The whole "theft" definition I've tried to defend in this thread is that the legal system hasn't caught up with technology and there needs to be new legislation written up and passed in parliament to make a new offence where downloading a retail product such as a CD, DVD, game is clearly defined as being illegal. A few other posters have voiced this too but we're being misread and obtusely ignored as being "thick" and the same old arguments about "piracy isn't actually theft you moron" comments have been fired back in retort. You're missing the point completely. Piracy isn't theft in the trditional legal sense and no one has argued that it is but it is the closest crime we have at the moment (in the UK) to what piracy is. If we had a new "crime" to define the activity, some of you would still nit pick and try to claim that piracy isn't illegal.

I haven't stated that anyone defending the action is a pirate either - it isn't a black and white argument.

It annoys people who pay for games to read that other people are yarring the same titles as the people involved in piracy seem to treat the paying public as idiots and refuse to accept a moral responsibility that what they are doing is wrong.

To answer the OP - the law needs a change to create a law to define piracy as a crime in solid terms. People also need to stop wanting the moon on a stick and expect everything for free. The second solution is probably going to be impossible as people are used to going on to the web and downloading.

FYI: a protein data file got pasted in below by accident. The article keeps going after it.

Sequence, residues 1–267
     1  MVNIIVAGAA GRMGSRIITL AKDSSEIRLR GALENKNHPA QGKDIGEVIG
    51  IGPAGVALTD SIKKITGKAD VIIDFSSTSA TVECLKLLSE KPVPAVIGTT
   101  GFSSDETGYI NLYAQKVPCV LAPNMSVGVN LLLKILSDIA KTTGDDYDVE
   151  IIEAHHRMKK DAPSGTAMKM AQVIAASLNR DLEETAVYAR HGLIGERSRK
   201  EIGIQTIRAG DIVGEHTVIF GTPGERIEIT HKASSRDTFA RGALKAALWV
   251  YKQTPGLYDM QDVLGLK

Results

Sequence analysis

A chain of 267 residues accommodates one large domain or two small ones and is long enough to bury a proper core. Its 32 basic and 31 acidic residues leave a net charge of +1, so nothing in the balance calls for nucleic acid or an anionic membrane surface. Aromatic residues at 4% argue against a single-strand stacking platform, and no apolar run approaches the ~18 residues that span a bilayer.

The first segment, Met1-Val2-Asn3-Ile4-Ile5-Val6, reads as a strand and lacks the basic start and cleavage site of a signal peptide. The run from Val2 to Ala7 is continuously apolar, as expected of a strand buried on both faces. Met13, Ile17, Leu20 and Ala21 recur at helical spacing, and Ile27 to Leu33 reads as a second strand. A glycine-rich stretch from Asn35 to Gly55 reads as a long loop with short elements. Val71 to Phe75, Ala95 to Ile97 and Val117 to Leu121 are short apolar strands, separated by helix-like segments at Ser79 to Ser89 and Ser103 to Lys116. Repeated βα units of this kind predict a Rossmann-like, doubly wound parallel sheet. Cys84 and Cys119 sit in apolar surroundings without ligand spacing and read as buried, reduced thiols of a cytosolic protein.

I don't find the anti-piracy adverts that helpful but you can't create a 30 second advert that addresses the entire subject matter.

Link to comment
Share on other sites

They had more than enough time to class it as theft when they wrote up the DMCA. Guess what, they didn't.

They also had plenty of time to class it as theft when they passed the EU copyright directive. They didn't.

I also don't see anywhere in this thread where anyone has put forth an argument saying that piracy isn't illegal.

Link to comment
Share on other sites

Little Johnny should be thankful that he gets that much money a month as pocket money... little Johnny should also just choose one game and learn that he can't have everything that he wants when he wants it. Little Johnny is sadly a result of consumerism where something exists for purchase but he seems to have some warped sense that he can have everything, that he has some kind of right to have everything and that he'll download something he should be paying for. [snip]

The moral issues are a different matter.. as I have said, my point is that not every copy made is taking money from the industry.

When your industry rep (ELSPA) is saying that the games industry turns over 1 billion and loses in excess of £3 billion .. then its fair to say that something is rotten int he state of Denmark...

Morally I find all sorts of things wrong with piracy but also with the industry... the points you make a fair.. morally Johnny hasn't a leg to stand on... My son doesn't have any pirate games and neither do I... but I don't paint the piracy issue as blackk and white as some...